Coaches Advised to Dress Your Team in order to Impress Recruiters
We’ve all heard the axiom “Dress for the job you want, not the one you have.” It’s meant to be an aspirational guideline. In other words, you want people –usually prospective employers—to see you as “fitting” into the job (i.e., the one you’re trying to get!). And it makes perfect sense.
Get in Line with Fitting Uniforms
As “The Uniform Guy” around here, I have always put forth the notion that the same thing holds true when it comes to athletes and the need to impress recruiters. A HS player should always try to look like they “fit in” at the next level. Even at the uniform level. (Sorry, can’t help y’all with the talent, dedication, etc. parts) You at least want to avoid a huge gap between the two, budget allowing.
The problem is that, in team sports, it’s uncommon for players to have a significance influence on the decision-making about uniforms. That’s especially true for schools, but extends to elite travel, too. In a nutshell, as a player, you get what you get.
So it’s those darn, non-fashion-forward coaches…that’re to blame!!!
The coaches’ role in the equation actually starts much earlier. An often unspoken, but always underling, consideration --when coaches are trying to decide which uniforms to buy for their team-- is “Can I see my team in those uniforms?”
There may even be an actual visualization element involved, where a coach imagines the team, at the start of the season, running out on to the court. (The concept applies to all sports, but I’ll use basketball as the example here). I’ve even been so bold in the past as to suggest that, whichever team has the better uniforms, starts with a two point lead!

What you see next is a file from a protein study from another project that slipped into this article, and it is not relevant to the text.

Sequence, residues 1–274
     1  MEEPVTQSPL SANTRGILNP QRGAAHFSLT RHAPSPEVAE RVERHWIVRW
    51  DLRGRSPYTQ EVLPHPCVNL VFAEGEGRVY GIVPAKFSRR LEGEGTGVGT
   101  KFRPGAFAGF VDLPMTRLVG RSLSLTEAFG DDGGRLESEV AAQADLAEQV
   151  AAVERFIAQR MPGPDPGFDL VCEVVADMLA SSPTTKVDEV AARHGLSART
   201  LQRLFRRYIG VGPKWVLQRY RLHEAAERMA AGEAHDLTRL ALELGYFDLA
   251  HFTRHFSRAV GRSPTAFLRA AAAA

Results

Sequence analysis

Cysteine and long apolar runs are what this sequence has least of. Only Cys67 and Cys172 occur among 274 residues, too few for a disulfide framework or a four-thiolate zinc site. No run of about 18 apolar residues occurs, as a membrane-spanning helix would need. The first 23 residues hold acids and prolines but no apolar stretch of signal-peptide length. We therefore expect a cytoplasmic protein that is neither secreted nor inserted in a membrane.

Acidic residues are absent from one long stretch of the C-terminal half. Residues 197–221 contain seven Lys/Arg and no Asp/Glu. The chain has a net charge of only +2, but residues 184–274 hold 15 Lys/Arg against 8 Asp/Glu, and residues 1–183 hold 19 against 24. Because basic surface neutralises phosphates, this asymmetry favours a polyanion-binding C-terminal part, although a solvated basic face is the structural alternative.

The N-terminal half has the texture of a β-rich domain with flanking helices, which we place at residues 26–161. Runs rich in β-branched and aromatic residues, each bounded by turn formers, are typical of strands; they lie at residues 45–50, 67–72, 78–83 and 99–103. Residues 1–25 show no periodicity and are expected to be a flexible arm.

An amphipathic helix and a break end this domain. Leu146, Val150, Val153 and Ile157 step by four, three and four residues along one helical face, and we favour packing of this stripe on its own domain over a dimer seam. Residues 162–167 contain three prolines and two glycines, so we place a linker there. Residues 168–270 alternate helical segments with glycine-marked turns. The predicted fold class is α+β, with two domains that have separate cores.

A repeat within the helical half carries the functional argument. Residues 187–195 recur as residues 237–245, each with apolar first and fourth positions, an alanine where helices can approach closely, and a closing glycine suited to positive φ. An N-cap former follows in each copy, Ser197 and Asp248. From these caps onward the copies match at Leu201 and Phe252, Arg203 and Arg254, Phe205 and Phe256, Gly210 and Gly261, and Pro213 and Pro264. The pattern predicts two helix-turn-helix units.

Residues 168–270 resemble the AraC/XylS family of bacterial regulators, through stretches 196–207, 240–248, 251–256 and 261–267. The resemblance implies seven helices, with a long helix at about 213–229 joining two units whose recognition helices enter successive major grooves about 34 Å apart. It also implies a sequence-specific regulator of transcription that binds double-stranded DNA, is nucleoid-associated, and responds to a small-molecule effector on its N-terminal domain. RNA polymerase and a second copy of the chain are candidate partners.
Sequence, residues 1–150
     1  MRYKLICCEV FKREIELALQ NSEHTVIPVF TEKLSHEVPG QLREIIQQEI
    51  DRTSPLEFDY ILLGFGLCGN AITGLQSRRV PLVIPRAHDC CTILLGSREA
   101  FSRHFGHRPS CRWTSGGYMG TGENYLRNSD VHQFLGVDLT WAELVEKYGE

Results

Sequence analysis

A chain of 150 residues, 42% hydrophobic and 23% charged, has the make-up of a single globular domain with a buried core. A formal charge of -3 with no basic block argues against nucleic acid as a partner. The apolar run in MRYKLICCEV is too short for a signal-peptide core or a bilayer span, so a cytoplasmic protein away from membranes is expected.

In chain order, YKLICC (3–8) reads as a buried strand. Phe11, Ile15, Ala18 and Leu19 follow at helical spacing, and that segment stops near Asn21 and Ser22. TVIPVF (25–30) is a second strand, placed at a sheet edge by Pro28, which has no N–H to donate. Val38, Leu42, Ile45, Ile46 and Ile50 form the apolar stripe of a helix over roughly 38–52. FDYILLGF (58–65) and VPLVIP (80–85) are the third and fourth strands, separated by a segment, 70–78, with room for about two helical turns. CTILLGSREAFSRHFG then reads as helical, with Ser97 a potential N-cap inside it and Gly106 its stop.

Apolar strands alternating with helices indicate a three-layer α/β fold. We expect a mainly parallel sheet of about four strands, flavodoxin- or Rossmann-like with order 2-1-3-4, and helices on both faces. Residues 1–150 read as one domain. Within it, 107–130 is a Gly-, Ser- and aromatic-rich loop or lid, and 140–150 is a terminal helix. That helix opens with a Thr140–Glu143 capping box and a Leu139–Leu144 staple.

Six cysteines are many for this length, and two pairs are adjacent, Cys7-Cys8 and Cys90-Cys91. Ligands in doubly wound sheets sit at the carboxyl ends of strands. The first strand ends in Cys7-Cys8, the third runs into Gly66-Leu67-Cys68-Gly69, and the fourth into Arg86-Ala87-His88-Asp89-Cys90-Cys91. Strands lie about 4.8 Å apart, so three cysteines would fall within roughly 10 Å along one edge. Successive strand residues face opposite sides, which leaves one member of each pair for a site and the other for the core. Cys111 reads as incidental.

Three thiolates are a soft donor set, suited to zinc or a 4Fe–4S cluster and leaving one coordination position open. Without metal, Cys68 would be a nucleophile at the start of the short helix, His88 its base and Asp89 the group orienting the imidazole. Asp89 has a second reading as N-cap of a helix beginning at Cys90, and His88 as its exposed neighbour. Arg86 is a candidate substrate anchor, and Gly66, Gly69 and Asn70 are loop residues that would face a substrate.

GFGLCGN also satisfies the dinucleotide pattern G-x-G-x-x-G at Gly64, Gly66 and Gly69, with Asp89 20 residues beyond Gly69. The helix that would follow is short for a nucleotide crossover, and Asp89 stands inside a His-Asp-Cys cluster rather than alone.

Impress Recruiters with Your Game
The world of recruiting has changed radically in the past 5-10 years. But there’s still no D1 coach that I know, that would dangle a scholarship offer to an AAU wunderkind, no matter how talented, without first seeing the goods in person. So we need to work backwards. In short, recruiters, who must be impressed long before head coaches (D1 or others) come sniffing around, will more likely assess an athlete’s talent in a gym. Where he/she is wearing a uniform. Which may or may not videotape well (oops…that’s a whole other blog post!)
They come to see how the kid –if—the kid can play ball. And if so, how well.
But part of the assessment is “How does he/she ‘look’ in that uniform?” More importantly, is it likely that they can “project” to the next level? Well, recruiters—stop the presses!—are humans. As such, they can fall victim to the truism that is best represented by the simplest assessment: “Do they look the part?” Because looks matter. Sure, lots of other things are involved. But athletes wearing the best uniforms possible is definitely a value-add in order to impress recruiters.